"I think I'd completely lost my mind by that point," says Berenyi. "I wasn't in a very good place. We'd been tossed about in so many different directions that I just thought, 'Alright, I'm just going to do what they fucking tell us to do.' Which wasn't great, because actually then I think Emma felt completely unsupported in the fact that she really wasn't happy with the direction that we were being pushed in. And she was right. But I just don't think I had any fight left in me. It was ludicrous, but it was just chasing that prize."
Finally, Anderson had enough and sat down with Berenyi and King to state her intentions. The band had one more European tour on the books, and Anderson was committed to finish her obligation, but after that, she was out.
Now, was this because they were a band that had started putting out singles that were getting more successful or was this an attempt to push a "girl band" with two women up front singing and writing the songs? I think it's more the latter and I think it fits in with the overall experience of women in the music industry.
Monday, August 24, 2015
What started out as being a great idea has become a boondoggle:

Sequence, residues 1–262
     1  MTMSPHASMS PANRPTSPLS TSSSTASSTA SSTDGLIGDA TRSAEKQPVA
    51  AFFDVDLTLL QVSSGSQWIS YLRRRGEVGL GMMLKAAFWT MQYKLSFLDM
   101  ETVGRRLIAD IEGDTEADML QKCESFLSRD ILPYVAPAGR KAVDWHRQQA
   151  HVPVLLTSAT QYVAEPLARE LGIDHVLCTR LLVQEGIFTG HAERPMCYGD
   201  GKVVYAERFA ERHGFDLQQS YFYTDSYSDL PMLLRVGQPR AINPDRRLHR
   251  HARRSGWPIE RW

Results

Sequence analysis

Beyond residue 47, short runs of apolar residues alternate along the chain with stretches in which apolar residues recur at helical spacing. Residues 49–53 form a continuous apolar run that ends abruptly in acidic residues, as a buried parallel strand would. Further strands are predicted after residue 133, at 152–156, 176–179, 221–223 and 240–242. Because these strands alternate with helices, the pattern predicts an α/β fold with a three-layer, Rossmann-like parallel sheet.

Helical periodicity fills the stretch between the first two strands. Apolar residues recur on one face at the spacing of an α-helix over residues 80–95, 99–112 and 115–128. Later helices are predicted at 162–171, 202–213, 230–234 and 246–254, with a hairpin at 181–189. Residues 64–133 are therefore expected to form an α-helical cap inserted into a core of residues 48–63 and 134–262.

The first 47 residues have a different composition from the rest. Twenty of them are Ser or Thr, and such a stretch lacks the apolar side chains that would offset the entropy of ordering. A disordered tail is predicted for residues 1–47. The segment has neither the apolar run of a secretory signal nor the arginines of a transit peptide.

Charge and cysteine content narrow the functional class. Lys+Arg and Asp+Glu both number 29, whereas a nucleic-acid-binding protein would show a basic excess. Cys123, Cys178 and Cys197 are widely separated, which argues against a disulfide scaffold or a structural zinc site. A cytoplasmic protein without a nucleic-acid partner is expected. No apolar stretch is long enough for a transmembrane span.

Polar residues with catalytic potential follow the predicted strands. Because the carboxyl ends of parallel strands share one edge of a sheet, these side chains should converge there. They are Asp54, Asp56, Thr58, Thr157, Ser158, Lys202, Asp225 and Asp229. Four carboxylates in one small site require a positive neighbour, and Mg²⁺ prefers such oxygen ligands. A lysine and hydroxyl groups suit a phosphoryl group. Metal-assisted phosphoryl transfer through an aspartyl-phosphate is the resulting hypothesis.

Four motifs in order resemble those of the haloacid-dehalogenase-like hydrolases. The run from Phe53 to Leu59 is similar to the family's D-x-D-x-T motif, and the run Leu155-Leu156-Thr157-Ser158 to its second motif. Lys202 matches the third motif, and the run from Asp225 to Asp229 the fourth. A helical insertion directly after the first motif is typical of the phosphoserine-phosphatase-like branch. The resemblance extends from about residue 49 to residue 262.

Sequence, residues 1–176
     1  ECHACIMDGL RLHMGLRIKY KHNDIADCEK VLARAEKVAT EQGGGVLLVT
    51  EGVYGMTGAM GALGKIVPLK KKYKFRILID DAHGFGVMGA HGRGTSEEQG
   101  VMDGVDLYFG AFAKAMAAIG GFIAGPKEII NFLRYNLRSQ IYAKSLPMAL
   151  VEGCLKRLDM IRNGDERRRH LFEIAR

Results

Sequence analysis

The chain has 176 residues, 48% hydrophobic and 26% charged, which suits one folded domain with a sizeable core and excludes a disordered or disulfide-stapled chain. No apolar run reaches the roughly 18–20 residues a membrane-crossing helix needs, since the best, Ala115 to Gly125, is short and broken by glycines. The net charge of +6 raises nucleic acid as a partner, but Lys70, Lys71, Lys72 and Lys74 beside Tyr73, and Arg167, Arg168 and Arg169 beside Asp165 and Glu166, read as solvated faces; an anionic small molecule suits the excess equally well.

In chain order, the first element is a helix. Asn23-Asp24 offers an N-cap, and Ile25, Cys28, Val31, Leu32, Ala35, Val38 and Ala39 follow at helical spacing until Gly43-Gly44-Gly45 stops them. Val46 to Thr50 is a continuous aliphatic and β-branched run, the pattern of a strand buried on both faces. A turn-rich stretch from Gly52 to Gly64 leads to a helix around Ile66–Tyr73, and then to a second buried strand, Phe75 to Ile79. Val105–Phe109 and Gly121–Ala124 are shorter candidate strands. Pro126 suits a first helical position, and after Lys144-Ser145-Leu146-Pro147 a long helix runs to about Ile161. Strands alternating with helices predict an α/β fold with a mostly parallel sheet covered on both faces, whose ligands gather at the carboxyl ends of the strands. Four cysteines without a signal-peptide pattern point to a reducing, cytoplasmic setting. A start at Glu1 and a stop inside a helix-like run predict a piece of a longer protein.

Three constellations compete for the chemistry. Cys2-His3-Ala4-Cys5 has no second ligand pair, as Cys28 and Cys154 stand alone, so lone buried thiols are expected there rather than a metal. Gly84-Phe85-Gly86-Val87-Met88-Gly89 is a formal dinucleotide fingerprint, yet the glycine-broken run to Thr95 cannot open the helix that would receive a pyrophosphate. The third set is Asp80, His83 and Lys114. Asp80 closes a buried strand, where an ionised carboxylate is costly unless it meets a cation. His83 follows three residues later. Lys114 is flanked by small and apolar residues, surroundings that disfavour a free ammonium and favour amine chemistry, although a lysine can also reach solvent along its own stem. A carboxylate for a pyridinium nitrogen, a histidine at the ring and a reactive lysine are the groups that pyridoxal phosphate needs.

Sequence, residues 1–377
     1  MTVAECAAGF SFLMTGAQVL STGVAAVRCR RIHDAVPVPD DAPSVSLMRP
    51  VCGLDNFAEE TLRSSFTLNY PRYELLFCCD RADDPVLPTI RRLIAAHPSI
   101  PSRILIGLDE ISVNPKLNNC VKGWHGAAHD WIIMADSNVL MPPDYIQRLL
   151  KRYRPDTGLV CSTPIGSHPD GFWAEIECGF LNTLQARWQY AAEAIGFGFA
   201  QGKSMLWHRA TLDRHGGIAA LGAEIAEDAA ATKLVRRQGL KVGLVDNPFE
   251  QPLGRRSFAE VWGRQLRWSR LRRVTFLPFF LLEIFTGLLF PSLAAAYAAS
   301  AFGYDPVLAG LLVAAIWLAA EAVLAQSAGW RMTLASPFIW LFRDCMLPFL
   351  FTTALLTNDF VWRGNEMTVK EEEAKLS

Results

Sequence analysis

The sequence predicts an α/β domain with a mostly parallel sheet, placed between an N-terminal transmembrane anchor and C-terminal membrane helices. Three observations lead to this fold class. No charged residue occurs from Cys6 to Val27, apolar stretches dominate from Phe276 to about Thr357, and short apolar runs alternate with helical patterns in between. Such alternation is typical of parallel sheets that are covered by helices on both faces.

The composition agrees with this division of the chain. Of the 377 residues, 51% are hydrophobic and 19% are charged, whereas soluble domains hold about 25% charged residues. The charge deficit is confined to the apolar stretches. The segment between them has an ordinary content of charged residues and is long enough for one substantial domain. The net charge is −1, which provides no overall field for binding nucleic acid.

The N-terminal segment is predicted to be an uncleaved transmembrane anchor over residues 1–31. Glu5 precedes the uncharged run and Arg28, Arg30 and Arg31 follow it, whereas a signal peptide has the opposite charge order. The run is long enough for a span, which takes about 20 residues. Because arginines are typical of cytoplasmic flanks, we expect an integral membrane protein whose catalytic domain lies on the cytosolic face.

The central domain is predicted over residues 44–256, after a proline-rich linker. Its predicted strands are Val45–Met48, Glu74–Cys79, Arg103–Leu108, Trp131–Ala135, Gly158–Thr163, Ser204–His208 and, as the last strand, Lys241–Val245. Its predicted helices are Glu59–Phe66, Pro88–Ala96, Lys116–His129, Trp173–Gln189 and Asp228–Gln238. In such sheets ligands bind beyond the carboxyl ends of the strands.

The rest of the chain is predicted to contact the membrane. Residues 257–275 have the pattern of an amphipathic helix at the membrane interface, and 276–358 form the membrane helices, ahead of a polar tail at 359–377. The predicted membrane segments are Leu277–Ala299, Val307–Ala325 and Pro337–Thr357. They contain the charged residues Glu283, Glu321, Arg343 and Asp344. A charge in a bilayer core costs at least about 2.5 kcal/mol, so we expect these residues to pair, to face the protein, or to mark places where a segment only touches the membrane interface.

Neil Young’s music tech startup Pono is struggling with funding issues, which is slowing down the company’s international expansion, the rock legend revealed in a Facebook post. “We are trying to set up stores in multiple countries and are restricted by a lack off resources,” Young wrote, adding that Pono wants to expand to Canada, the U.K. and Germany: “As soon as we have the funds, those stores will open. We wish it could be faster than that.”
Young launched Pono with a Kickstarter campaign in early 2014, raising more than $6 million for the company’s portable HD music player on the crowdfunding platform. Earlier this year, Pono expanded sales of the player to select retail stores, and Young said that the company has sold “tens of thousands of players,” as well as hundreds of thousands of HD music tracks through its music download store.
He also said that running Pono “hasn’t been easy.” Young has been serving as the company’s official CEO ever since it parted ways with prior CEO John Hamm a little over a year ago. The company has been looking for a new CEO for some time. Said Young: “We have no proven business leader at the head of our company, but the search continues for one who could do it to our liking and understand what our goal is and how big it is. We are still looking.”
There will always be a high-end market for music players. There isn't much more you can claim the Pono would be viable for because the technology simply does not rival anything out there while being demonstrably more expensive.